Automatic resource leveling proven to completely fail in construction

Resource workload optimization: from the phantom of automatic leveling to visual resource optimizers.

The idea of the “red button” has again proved to be a phantom, this time for resource leveling.
Professional project managers have always faced the problem of resource workload optimization. Thus, the problem considers drawing up schedules with a maximum resource workload and prevention of resource overloading at the same time. And it is, actually, the art of using schedule optimization techniques subject to resource workload that makes a difference between a professional scheduler and a beginner.
 However, it is time to recognize, that in the market of so called project management tools  intended to  resolve  all these problems, a ”100 %  automatic  resource leveling” soap bubble has appeared. And it is even not some specific suppliers of algorithms to blame,  but the fact  that despite the aggressive advertising less than  1 % of users were able to deploy such systems, while the commercials made them splash out for new panaceas again and again.
 It is very interesting, however, that the soap bubble of automatic resource leveling in Russia was blown by an ordinary building project manager from Ufa. He has used specific and simple examples to publicly prove not just the ineligibility of resource leveling for a specific project management system, but the fact that the whole idea was no more than a mathematical abstraction very far from real practice. If you didn’t have a chance to learn these useful practical instructions before, you can find them in this article.
The results of the opinion poll among the users of project management programs have shown that realizing automatic resource leveling as a fake became already common with the majority of professionals. Therefore AxProject has offered the tools of new generation known as visual resource optimizers, which debuted in AxProject Professional, v.3.0.   

How a builder has proved resource leveling to be a mathematical abstraction to the developer of project management systems

The obvious argument against resource leveling is in the impossibility of resource workload optimization to be fulfilled just by pushing one magic “red button”, which is supposed to do the job. The reality is often far too complicated to be modeled by these algorithms. Moreover, the complexity of their setup makes the whole sense vanish, as the effort needed for it is much higher than one for the process of manual resource conflict settlement.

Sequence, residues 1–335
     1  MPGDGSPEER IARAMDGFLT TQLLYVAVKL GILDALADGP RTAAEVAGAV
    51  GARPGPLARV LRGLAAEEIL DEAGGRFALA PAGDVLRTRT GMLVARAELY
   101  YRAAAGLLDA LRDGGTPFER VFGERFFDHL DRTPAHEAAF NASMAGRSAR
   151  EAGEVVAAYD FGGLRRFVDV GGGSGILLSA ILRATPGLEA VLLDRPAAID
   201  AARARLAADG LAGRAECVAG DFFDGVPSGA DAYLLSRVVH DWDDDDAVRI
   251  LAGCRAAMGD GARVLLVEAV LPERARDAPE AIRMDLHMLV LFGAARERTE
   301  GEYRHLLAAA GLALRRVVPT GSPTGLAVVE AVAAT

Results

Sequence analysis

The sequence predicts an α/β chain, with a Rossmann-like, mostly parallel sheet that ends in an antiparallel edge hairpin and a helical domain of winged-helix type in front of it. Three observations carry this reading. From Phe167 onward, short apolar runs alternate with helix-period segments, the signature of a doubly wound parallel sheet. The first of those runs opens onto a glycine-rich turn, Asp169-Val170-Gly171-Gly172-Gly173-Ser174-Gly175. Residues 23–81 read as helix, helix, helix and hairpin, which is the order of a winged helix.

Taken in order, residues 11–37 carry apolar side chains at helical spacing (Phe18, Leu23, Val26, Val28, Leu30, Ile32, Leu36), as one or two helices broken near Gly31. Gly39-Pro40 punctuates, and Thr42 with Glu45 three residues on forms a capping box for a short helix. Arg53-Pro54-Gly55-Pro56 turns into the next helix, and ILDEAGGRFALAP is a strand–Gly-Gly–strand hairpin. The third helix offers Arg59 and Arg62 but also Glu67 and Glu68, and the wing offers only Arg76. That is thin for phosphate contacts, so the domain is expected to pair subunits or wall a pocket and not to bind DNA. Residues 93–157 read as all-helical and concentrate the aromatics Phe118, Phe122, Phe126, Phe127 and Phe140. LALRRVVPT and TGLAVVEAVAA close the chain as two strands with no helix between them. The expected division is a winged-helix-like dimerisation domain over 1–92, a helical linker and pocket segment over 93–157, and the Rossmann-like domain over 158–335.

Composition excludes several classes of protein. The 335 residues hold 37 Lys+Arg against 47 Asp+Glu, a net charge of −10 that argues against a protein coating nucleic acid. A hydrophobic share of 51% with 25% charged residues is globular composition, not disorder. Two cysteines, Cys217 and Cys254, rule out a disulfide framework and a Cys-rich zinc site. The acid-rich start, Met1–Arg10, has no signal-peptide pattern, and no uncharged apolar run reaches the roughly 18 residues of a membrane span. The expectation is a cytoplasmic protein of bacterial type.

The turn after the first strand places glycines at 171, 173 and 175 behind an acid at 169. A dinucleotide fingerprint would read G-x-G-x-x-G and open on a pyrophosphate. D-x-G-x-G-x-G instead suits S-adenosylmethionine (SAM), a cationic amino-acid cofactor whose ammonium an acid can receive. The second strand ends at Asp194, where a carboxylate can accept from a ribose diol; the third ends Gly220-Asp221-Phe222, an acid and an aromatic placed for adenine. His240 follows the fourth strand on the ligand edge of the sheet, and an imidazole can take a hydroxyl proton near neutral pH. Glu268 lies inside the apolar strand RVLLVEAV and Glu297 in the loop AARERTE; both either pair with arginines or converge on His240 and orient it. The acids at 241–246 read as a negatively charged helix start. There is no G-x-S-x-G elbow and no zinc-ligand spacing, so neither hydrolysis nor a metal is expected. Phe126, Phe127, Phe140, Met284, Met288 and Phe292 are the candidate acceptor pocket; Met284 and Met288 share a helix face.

Very often systems of automatic resource leveling are sold through forums since the complexity of their adjustment forces the supplier to look for professional schedulers there. However, in one of such cases they stepped on a mine. A professional scheduler being a builder has proved in a conclusive way the inconsistency of the idea of automatic resource leveling. His argumentation was so convincing that it has quickly spread among professionals. Therefore the vendor had to find a way to erase this discussion. The managers of the forum have agreed to erase only the vendor’s replies, leaving the arguments of an expert which are easily found through Google. These arguments became even more valuable since they do criticize the whole idea of automatic resource leveling, not just some specific realization of resource leveling of some specific vendor. To make the arguments of an expert given in the discussion easier to understand, we shall briefly state the questions put by the vendor.

 "Automatic resource leveling is fraught with consequences"

In the forum, in reply to the inquiry of a new user, the vendor starts advertising automatic resource leveling when he receives a critical remark from a practicing builder who calls it an abstraction unable to model the reality adequately.

The BUILDER: As practice shows, you can’t entrust resource leveling to the program. It is impossible, for it is fraught with consequences. There do arise such decisions which seem to be quite fair within the limits of the task, but prove to be absolutely inapplicable to the reality. There are too many factors which this algorithm (no matter how perfect it is) is simply unable to consider.

"No model will ever be able to consider all the logic of reality"

The vendor approves that his algorithms of resource leveling are perfect, while the builder gives an example to ridicule the operation of the algorithm in reality.